Jabu Maphalala of the South African Chamber of Mines on Wednesday told the Mail & Guardian Online that “the R1,8-billion boost”, highlighted by Finance Minister Trevor Manuel in his budget speech “is a welcomed and major relief for the mining industry”.
In his speech the minister said he would defer government’s mining royalties regime from this year to 2010, resulting in gross savings of about R1,8-billion for the industry, which could help stem the tide of job losses in the sector.
The Mineral and Petroleum Resources Royalty Act, initially scheduled to be implemented on May 1, sought to charge royalties on gross sales and has been long criticised for the adverse impact it would have on smaller mining companies in particular.
Maphalala celebrated the deferral, saying that “the mining sector has been advocating for the deferral for some time”.
When asked about the practical outcomes of Manuel’s “boost”, Maphalala said the “industry was so big it was premature to quantify at the moment”. He added that the chamber was preparing a full statement on the matter.
Manuel stated in his speech the boost was “intended to contribute to constructive dialogue between government, the mining houses and labour, resulting in practical initiatives to alleviate the impact of expected retrenchments in the sector”.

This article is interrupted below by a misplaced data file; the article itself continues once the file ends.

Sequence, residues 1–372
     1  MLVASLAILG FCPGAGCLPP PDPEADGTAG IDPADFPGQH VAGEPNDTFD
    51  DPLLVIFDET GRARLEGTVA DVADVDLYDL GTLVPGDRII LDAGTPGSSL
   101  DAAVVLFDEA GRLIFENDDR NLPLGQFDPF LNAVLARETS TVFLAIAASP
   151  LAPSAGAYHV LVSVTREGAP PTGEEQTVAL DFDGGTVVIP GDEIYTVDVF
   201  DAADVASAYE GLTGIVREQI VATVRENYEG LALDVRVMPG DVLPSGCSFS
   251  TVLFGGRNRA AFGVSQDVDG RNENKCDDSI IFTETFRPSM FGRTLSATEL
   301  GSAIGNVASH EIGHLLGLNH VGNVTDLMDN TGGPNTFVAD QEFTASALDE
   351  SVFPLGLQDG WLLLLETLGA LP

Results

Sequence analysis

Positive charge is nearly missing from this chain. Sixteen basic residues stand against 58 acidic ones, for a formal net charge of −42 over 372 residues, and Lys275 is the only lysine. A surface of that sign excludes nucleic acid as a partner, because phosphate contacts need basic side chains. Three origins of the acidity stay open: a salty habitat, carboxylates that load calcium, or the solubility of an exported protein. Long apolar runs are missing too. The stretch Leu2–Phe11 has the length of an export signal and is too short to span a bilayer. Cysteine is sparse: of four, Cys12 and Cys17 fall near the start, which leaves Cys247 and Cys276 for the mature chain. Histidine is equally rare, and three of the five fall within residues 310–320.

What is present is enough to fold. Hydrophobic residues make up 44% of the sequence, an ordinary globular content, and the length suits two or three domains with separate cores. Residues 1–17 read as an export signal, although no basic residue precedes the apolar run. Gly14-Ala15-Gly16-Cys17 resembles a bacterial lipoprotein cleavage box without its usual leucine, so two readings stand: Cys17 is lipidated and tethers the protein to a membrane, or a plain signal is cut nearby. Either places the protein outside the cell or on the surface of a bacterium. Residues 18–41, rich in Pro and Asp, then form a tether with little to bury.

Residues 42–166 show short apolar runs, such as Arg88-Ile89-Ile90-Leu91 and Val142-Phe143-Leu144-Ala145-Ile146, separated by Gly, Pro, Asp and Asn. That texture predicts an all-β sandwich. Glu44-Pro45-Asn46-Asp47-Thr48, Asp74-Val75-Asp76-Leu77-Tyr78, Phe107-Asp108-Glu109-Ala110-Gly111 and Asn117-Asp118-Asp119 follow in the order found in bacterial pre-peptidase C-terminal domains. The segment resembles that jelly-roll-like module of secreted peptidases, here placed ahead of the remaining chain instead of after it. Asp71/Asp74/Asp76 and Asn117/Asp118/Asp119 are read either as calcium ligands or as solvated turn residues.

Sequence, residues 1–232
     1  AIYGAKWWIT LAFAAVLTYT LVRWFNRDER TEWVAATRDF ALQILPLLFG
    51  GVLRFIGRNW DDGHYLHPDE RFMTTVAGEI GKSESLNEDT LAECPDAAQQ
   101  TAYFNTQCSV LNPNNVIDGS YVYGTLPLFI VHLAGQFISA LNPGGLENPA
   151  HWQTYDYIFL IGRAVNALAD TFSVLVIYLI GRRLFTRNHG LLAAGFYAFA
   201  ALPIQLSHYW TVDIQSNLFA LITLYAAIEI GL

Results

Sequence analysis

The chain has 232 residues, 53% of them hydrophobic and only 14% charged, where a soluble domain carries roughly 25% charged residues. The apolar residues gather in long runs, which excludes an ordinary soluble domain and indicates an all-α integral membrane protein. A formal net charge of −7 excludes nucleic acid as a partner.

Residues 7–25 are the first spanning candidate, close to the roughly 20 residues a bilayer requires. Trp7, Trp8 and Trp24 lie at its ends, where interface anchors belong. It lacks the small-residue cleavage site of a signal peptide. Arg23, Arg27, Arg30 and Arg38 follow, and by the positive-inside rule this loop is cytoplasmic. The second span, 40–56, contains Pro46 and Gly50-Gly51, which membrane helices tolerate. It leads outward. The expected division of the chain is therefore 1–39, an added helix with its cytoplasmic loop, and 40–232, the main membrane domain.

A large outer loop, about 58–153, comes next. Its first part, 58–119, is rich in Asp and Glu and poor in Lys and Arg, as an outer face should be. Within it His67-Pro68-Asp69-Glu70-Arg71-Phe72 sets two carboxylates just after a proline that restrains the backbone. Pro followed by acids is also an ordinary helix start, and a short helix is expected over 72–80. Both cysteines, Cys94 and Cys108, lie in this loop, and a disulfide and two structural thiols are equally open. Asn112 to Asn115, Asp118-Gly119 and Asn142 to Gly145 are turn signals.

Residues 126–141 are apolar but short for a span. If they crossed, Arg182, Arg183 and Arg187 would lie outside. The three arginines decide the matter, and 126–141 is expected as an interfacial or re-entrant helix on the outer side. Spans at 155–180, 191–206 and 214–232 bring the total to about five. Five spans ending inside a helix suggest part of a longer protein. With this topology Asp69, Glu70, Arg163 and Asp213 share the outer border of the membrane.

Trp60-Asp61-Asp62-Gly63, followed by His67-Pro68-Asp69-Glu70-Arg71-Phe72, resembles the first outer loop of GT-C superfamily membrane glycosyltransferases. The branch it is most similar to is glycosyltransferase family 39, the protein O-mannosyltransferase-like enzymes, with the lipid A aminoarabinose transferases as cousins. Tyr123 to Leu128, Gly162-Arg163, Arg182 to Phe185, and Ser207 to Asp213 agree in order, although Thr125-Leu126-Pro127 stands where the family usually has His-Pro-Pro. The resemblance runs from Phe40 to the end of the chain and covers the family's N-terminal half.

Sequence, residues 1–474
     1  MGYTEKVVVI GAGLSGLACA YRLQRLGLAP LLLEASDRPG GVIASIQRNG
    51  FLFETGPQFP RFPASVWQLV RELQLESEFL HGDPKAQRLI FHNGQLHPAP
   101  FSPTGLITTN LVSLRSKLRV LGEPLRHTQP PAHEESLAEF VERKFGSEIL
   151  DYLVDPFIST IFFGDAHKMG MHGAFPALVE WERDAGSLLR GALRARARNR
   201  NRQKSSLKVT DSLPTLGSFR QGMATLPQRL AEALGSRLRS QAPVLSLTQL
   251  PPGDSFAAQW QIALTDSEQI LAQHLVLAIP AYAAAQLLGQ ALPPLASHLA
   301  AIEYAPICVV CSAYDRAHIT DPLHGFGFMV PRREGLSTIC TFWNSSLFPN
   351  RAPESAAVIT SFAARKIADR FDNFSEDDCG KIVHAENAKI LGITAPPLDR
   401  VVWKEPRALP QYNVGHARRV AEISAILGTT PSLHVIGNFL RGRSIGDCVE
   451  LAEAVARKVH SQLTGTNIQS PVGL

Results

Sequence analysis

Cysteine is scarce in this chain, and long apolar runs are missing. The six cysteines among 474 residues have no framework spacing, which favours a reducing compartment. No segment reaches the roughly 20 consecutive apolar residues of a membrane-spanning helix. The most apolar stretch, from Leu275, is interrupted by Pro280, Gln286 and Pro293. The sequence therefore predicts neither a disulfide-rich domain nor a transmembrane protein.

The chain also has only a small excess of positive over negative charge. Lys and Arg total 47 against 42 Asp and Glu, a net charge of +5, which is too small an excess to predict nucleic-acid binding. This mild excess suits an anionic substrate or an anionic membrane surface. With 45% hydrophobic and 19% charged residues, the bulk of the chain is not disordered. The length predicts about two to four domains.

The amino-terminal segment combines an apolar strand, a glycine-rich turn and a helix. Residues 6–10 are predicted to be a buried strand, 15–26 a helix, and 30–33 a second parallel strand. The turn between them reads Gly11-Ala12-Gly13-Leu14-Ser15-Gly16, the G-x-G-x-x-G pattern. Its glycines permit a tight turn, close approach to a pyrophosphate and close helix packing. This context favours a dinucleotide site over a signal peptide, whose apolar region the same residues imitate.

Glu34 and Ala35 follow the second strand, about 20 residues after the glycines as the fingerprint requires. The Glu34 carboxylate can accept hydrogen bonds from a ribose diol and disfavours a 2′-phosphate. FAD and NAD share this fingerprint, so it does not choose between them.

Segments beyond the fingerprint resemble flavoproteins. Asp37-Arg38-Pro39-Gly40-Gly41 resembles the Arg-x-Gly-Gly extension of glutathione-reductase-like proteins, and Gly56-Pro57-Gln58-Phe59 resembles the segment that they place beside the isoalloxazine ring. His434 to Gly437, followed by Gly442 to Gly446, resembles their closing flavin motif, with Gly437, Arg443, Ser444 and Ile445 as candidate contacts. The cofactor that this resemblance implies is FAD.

The minister’s announcement comes in the light of staggering job losses in the mining industry in recent months.
Forty percent of the job losses are confined to the platinum industry alone.
“We appreciate the minister’s focus on the future and the general mining communities,” Maphalala said.
Manuel further pointed to the establishment of an agency jointly managed by government, mining houses and labour organisations, which aims to invest in economic development in mining towns or labour-sending areas affected by retrenchments.
In recent months the price of platinum has reached lows of around $700 per ounce — a huge dive from the record high of $2 290 reported in March last year.
Maphalala said the “boost would go a long way in relieving the challenges that the mining industry faces, namely a drop in commodity prices, the increase in borrowing costs and high costs of production”.